Latest developments for treating spinal cord injuries

Small human studies also disclosed some degree of improvement, with no major adverse events. However, it is important to notice that, independent of treatment, most patients will undergo some spontaneous recovery in the first six months after injury. Therefore, confounding factors cannot be excluded from these results 1. Embryonic and induced pluripotent stem cells are capable of remyelinate axons, modulate the inflammatory response, regenerate lost neural circuits and modify the microenvironment.

Schwann cells are able to remyelinate central nervous system axons and, in animal models, have reduced cystic cavitation, enhanced tissue sparing and enhanced recovery. Olfactory ensheathing cells are phagocytes capable of clearing microbes and debris and also of secreting neurotropic factors. In animals, they enhanced axonal regeneration and remyelination and also improved outcomes.

Mesenchymal cells can differentiate along their connective tissue lineages and modulate inflammatory response at systemic and local environment levels. They have been shown to decrease inflammatory cell infiltration, increase pro-survival trophic factor levels and promote tissue sparing 1 , 2.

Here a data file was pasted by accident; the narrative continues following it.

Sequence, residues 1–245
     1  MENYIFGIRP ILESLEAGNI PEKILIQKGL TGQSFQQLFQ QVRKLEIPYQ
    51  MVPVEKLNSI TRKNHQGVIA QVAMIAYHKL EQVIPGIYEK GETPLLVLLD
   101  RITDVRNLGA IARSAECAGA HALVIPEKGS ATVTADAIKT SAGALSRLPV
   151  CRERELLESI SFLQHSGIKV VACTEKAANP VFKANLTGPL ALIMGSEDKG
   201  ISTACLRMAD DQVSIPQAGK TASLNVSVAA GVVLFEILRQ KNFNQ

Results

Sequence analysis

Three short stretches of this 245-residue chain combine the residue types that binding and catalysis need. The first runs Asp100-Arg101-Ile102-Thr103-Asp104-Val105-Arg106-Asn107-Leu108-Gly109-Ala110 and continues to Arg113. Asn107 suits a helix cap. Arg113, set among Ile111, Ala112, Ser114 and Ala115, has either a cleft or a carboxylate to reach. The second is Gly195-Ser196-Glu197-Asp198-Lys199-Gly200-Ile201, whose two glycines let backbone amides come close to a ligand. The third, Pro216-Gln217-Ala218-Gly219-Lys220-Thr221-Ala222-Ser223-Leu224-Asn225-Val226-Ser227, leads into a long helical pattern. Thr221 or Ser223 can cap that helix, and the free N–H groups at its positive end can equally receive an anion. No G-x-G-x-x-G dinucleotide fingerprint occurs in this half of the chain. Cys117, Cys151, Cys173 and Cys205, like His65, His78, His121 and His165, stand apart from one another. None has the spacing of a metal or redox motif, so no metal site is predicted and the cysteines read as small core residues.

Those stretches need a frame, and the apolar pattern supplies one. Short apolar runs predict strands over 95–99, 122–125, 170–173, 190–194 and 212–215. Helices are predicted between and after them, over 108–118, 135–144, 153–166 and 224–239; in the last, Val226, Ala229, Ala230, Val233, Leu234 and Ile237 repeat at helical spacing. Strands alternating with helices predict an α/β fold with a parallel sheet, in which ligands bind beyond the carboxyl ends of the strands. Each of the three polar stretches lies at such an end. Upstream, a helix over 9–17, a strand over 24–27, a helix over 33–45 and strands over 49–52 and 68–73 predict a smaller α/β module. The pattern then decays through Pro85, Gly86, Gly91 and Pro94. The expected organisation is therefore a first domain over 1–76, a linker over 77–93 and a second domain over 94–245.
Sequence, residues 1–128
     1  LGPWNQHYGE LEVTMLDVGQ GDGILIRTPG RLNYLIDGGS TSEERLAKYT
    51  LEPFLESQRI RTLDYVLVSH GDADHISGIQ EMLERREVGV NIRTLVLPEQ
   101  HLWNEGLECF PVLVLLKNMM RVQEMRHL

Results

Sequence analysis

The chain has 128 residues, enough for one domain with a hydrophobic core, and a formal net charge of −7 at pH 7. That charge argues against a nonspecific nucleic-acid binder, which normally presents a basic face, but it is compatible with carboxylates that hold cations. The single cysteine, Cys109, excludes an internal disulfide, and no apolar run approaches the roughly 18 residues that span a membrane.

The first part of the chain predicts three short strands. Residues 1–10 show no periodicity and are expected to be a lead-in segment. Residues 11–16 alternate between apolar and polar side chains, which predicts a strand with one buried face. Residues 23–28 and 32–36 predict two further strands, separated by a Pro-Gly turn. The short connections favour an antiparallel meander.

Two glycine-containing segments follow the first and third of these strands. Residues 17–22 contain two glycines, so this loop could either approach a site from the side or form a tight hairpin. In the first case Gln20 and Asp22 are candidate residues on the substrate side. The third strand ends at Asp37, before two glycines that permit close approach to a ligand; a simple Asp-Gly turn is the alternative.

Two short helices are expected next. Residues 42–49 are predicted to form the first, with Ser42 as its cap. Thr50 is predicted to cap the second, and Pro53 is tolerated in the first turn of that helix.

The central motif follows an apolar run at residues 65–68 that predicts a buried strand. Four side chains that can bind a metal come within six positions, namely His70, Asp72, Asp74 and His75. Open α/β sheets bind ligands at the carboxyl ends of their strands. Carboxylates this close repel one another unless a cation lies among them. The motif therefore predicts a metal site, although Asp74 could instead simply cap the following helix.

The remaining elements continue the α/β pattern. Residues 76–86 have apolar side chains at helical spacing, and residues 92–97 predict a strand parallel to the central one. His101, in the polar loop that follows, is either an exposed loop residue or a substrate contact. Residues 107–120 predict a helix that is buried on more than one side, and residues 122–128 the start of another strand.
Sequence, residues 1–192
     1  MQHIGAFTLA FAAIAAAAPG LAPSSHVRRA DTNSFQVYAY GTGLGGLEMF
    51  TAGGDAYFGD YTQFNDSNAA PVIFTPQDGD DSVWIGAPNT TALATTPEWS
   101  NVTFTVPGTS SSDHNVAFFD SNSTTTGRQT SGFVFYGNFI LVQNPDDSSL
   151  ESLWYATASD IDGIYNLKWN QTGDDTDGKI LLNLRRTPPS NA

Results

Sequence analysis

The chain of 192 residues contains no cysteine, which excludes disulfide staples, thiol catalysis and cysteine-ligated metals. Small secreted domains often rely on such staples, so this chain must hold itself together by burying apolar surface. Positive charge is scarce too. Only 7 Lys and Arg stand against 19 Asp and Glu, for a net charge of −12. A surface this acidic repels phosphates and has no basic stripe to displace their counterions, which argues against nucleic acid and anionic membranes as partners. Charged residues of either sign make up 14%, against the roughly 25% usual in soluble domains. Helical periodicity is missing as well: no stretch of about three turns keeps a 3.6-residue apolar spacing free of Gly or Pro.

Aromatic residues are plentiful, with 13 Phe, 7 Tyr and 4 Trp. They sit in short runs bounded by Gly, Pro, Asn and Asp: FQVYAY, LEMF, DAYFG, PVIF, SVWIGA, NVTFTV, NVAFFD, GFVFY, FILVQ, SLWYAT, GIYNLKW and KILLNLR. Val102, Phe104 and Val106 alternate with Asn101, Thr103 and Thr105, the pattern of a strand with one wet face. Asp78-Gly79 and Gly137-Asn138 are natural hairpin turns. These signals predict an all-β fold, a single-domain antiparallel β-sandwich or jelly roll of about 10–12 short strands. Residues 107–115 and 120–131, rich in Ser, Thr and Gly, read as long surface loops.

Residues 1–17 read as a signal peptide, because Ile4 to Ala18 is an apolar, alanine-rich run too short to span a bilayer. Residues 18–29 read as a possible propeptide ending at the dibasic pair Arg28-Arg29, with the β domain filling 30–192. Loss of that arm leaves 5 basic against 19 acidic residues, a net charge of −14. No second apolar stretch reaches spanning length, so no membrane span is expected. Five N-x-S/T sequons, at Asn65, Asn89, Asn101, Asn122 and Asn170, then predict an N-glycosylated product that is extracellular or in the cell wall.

It should be noted that cellular transplantation remains an investigational and experimental therapy, with no formal recommendations. Spinal cord injury management has substantially changed over the last years. Key early interventions are increasingly being recognized, as well as the need to better study these patients. Neuroprotective and neuroregenerative strategies are probably more effective when done together, and they are an extensive field of current and future research.

Emerging therapies for acute traumatic spinal cord injury. Recent advances in managing spinal cord injury secondary to trauma. F Research.

Bibliographic Information

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AANS Neurosurgeon Why Don't We Have a Cure for Spinal Cord Injury? - AANS Neurosurgeon

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Caring for patients with spinal cord injuries

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Spinal Cord Injury: Clinical Pathophysiology and Anatomy